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Is the association between job strain and carotid intima-media thickness attributable to pre-employment environmental and dispositional factors? The Cardiovascular Risk in Young Finns Study
  1. T Hintsa1,
  2. M Kivimäki1,2,
  3. M Elovainio3,
  4. J Vahtera4,
  5. M Hintsanen1,
  6. J S A Viikari4,
  7. O T Raitakari5,
  8. L Keltikangas-Järvinen1
  1. 1
    Department of Psychology, University of Helsinki, Finland
  2. 2
    Department of Epidemiology and Public Health, University College London Medical School, London, UK
  3. 3
    National Research and Development Centre for Welfare and Health (STAKES), Helsinki, Finland
  4. 4
    Finnish Institute of Occupational Health, Turku, Finland
  5. 5
    Department of Medicine, University of Turku, Finland
  6. 6
    Department of Clinical Physiology, University of Turku, Finland
  1. Taina Hintsa, Department of Psychology, PO Box 9, FIN-00014 University of Helsinki, Finland; taina.hintsa{at}helsinki.fi

Abstract

Objectives: Most previous studies of job strain and cardiovascular risk have been limited to adult data. It remains unclear whether this association might be explained by factors already present before entering the labour market. This study examined whether pre-employment family factors and participants’ own dispositional factors contribute to the relationship between job strain and carotid intima-media thickness (CIMT) among male employees.

Methods: The sample consisted of 494 men from the Cardiovascular Risk in Young Finns Study. Parental socioeconomic position and parental life dissatisfaction were assessed at 9–21 years of age and components of type A behaviour (Hunter-Wolf) were assessed at 12–24 years of age before the participants had entered the labour market. Job strain, education and CIMT were assessed at 27–39 years of age when all participants were employed.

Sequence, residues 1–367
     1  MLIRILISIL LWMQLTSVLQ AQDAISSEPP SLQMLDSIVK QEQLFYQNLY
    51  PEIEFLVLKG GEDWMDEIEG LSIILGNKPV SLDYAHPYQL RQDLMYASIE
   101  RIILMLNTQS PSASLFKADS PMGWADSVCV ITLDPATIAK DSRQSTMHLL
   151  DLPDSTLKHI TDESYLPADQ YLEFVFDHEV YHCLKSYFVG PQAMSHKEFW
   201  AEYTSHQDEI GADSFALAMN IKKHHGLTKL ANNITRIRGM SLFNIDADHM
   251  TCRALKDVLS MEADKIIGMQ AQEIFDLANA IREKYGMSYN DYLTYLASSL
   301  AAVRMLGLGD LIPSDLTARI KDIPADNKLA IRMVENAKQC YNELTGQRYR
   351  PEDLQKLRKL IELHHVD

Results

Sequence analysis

Results: There was an association between higher job strain and increased CIMT in adulthood (mean 0.59 mm; 95% CI 0.42 to 0.76) which was only slightly affected on adjustment for parental socioeconomic position and parental life dissatisfaction as well as participants’ education. However, the job strain/CIMT relationship attenuated by 17% to non-significant after taking into account the effect of the participants’ type A behaviour components.

Conclusions: In this contemporary cohort of men, lack of leadership (a type A behaviour component) contributed to the association between job strain and CIMT 15 years later, whereas pre-employment family factors had only a modest effect on this association.

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Footnotes

  • Funding: TH was supported by a grant from the Finnish Cultural Foundation, MK and JV by the Academy of Finland (grants 117604, 124322 and 124271), LK-J by the Academy of Finland (grants 111056, 209514, 209518) and the Yrjö Jansson Foundation, OTR by the Academy of Finland (grants 77841 and 210283) and the Finnish Foundation of Cardiovascular Research, and OTR and JSAV by Special Federal Grants for Turku University Central Hospital.

  • Competing interests: None.

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